Prof. Galit Nahari
Prof. Galit Nahari is the head of the Department of Criminology at Bar-Ilan University, Israel, and the editor of Legal and Criminological Psychology. Her research spans over a variety of topics in deception, applied memory, investigative interviewing and decision-making. As part of it, she develops interrogation and lie-detection methods (a prime example is the Verifiability Approach), examines their validity and suitability in different contexts, and their vulnerability to judgmental biases. A major part of her research further focuses on the cognitive processes underlies credibility and veracity assessments, as well as on individual differences which impact these assessments. She places a high emphasis on ecological validity and relevancy to the “real world”; thus, she works closely with practitioners, promoting fruitful academia-field cooperation in high education, research and training. She advises, lectures and conducts research and training workshops on verbal lie detection nationally and internationally.
Verifiability Approach (VA)
Differing lies from truths by the verifiability of the content
The Reality of the Reality Monitoring (RM)
Theoretical and practical adjustments of RM for lie detection
2014 - 2018
funded by the Israel Science Foundation under grant agreement No 372/14
Differential Processes in Detecting Lies Among Police Officers and Laypersons
(2011 - 2013)
funded by the Israel Science Foundation under grant agreement No 59/11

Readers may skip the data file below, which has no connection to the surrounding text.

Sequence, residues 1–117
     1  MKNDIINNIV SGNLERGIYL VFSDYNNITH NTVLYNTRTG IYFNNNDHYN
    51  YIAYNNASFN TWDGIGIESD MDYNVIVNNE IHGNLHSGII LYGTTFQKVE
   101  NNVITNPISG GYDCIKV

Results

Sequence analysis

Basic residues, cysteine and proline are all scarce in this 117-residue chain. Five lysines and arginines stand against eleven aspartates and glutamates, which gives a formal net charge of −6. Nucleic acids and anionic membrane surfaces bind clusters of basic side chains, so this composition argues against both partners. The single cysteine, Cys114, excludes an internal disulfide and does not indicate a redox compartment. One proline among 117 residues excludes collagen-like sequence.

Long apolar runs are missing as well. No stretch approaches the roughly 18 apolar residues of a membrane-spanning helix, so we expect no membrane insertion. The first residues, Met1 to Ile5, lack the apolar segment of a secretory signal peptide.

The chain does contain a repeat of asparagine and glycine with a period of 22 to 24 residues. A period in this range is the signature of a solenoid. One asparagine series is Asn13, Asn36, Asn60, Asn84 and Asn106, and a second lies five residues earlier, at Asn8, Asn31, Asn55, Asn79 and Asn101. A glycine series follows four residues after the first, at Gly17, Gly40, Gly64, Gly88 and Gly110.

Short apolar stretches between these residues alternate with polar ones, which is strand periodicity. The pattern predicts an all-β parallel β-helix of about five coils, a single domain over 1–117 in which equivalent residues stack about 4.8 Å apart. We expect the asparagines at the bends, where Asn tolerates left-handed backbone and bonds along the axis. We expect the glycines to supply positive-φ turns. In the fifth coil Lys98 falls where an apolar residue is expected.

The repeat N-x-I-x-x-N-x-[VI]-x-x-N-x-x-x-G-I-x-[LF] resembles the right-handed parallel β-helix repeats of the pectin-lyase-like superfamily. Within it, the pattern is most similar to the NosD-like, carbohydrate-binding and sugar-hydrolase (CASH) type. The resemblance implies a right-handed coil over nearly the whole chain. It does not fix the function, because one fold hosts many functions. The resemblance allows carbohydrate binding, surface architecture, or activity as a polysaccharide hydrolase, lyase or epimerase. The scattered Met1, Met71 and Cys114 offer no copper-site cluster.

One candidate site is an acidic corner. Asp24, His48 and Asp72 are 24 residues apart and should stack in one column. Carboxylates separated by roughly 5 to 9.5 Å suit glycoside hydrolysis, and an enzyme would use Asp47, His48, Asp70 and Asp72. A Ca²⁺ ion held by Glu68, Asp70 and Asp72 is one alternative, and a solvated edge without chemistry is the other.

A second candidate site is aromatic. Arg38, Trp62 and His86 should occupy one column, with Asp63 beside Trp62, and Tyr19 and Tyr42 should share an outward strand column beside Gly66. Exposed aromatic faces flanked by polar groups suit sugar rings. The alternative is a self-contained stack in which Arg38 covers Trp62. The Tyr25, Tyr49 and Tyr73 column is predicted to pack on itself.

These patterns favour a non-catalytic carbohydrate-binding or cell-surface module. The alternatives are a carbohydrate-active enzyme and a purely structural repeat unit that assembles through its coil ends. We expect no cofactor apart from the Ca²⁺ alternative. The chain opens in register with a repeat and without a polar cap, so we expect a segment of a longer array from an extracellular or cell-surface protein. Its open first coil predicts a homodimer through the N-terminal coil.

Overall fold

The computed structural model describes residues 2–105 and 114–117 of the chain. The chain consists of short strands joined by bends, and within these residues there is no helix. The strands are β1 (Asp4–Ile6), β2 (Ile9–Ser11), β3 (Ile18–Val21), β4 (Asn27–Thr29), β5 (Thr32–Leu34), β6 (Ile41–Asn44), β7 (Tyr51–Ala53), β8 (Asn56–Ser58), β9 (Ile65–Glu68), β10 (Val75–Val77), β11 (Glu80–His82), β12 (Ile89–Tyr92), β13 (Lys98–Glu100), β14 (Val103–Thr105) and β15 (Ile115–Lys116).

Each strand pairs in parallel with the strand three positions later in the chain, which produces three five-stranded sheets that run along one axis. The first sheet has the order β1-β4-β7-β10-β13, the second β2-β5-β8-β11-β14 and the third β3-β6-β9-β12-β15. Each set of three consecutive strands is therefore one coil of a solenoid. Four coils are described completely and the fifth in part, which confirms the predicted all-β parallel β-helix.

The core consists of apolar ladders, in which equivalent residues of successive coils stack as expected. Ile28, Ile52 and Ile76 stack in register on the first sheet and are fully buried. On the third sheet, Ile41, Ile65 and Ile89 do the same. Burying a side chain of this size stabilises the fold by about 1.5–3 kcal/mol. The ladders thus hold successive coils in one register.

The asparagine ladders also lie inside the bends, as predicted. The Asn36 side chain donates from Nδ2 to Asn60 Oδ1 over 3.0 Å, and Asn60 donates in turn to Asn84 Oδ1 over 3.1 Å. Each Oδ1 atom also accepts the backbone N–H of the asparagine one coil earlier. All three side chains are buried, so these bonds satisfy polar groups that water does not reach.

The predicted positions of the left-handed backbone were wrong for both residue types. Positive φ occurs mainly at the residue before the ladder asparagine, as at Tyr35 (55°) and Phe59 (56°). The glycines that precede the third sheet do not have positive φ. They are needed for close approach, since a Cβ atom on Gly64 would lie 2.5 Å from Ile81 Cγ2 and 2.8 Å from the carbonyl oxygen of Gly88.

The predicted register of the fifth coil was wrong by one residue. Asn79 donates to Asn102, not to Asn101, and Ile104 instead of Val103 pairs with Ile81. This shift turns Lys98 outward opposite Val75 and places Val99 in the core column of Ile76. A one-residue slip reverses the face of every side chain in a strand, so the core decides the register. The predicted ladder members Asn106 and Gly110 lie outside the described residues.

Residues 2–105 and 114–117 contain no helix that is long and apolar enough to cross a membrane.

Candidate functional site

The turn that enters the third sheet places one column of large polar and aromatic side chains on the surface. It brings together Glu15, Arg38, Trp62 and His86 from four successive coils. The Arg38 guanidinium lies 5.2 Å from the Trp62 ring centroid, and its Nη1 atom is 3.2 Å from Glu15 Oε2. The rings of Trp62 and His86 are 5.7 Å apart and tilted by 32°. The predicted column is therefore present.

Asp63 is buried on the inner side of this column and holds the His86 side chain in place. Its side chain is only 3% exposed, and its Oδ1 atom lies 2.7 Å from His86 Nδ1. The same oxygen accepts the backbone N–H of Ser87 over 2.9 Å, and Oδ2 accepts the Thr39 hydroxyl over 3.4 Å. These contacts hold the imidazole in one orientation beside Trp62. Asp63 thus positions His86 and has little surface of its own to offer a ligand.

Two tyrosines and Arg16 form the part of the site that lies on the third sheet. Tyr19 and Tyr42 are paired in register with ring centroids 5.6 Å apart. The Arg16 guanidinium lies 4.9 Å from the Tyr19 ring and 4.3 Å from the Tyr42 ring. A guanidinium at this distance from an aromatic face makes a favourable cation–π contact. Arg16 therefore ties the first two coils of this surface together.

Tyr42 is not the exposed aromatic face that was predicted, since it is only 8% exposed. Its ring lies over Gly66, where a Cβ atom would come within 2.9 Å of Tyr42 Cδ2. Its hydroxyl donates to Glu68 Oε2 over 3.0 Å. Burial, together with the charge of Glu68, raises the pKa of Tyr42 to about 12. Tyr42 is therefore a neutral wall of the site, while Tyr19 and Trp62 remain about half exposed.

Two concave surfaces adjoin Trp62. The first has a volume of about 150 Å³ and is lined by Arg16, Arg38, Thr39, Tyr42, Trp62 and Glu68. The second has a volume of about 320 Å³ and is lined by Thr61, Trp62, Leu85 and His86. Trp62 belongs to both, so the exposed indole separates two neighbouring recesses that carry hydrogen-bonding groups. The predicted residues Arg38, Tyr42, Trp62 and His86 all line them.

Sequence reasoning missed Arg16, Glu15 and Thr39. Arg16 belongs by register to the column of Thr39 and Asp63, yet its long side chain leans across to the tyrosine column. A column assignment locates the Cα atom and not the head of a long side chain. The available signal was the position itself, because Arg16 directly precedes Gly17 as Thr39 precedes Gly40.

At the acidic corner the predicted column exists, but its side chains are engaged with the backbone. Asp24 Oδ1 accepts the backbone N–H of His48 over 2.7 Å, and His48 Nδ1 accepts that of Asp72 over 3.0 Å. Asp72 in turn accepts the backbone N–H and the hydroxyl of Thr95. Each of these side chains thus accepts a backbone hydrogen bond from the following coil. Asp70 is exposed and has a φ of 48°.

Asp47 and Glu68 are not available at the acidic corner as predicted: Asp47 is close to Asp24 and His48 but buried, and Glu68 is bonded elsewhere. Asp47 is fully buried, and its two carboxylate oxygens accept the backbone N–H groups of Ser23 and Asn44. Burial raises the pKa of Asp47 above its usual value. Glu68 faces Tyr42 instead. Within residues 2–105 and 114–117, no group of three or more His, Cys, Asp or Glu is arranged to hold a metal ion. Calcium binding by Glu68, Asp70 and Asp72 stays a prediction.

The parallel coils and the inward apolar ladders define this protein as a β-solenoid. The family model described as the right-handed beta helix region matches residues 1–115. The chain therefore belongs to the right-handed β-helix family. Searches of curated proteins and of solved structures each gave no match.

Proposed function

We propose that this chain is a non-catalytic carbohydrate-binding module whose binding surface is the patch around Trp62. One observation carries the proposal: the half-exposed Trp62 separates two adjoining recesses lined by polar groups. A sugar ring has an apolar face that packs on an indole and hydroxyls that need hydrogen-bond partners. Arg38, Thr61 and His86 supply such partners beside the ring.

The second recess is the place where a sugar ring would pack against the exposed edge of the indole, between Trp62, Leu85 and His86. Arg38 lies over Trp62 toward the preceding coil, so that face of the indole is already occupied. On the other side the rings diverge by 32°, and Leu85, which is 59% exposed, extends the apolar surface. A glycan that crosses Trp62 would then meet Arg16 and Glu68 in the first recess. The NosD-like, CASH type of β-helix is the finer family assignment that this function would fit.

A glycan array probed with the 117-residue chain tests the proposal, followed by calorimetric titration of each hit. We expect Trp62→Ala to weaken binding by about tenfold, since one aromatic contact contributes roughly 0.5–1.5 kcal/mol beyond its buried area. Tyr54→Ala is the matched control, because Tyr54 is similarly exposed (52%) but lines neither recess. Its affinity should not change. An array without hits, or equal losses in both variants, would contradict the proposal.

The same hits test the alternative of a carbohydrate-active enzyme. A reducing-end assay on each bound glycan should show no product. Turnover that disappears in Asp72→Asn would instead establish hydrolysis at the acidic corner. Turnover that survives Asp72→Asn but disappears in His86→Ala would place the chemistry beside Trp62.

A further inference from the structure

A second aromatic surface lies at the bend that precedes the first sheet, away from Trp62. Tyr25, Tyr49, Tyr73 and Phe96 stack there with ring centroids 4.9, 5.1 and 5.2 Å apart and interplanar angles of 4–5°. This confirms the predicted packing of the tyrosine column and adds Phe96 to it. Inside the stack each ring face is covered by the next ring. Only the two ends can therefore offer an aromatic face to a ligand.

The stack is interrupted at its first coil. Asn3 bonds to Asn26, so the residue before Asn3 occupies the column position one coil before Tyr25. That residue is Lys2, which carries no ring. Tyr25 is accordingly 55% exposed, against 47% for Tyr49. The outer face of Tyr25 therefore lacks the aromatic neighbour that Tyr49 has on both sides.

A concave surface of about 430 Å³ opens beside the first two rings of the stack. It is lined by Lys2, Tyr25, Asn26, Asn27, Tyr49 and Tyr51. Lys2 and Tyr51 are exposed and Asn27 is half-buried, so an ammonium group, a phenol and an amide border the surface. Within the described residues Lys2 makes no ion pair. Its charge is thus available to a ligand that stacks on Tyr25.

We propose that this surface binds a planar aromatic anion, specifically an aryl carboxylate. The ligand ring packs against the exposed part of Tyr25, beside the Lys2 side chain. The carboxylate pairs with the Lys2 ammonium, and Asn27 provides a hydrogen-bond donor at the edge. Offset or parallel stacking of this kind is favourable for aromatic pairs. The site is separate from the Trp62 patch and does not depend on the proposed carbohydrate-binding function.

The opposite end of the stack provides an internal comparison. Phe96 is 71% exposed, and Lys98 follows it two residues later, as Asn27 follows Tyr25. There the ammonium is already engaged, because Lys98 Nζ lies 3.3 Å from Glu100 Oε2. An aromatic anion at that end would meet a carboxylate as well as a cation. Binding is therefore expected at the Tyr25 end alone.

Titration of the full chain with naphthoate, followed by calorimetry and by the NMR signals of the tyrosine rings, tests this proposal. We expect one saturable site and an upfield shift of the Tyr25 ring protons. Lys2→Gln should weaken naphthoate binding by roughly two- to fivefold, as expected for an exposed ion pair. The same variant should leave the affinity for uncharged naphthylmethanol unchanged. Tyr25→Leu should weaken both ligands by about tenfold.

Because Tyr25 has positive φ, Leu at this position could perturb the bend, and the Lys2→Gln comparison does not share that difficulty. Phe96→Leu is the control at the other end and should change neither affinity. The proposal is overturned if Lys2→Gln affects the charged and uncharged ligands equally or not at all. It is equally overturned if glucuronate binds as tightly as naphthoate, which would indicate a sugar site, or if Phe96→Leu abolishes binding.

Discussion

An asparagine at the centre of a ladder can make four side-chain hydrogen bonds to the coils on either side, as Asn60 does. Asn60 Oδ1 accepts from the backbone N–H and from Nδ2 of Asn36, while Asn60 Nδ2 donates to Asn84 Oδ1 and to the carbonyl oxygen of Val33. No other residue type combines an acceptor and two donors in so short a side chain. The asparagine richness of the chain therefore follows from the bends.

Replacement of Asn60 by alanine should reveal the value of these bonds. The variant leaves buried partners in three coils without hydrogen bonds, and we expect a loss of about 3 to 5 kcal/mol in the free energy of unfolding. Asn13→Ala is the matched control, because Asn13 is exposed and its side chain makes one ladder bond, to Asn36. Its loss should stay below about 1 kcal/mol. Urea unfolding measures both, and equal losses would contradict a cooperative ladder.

Context Embedded Perception (CEP)
A new stem of the
Language of Lies
The first verbal lie detection workshop
funded by the Israel Science Foundation under grant agreement No 1312/18
Developing a virtual interview training system for law enforcement units
(2015 - 2018)
LAW-TRAIN has received funding from the European Union’s Horizon 2020 research and innovation programme under grant agreement No 653587.
Nisin, Z., Nahari, G, & Goldsmith, M. (2022). Lies divorced from context: evidence for Context Embedded Perception (CEP) as a feasible measure for deception detection. Psychology, Crime & Law. Doi: https://doi.org/10.1080/1068316X.2022.2078825
Bogaard, G., Nußbaum, M., Schlaudt, L.S., Meijer, E.H., Nahari, G., & Vrij, A. (2022). A comparable truth baseline improves truth/lie detection. Applied Cognitive Psychology, 36, 1060-1071.
Nisin, Z., & Nahari, G. (2023). Applying Cognitive Science: From Research to Operational Manuals in Israel. Journal of Applied Research in Memory and Cognition.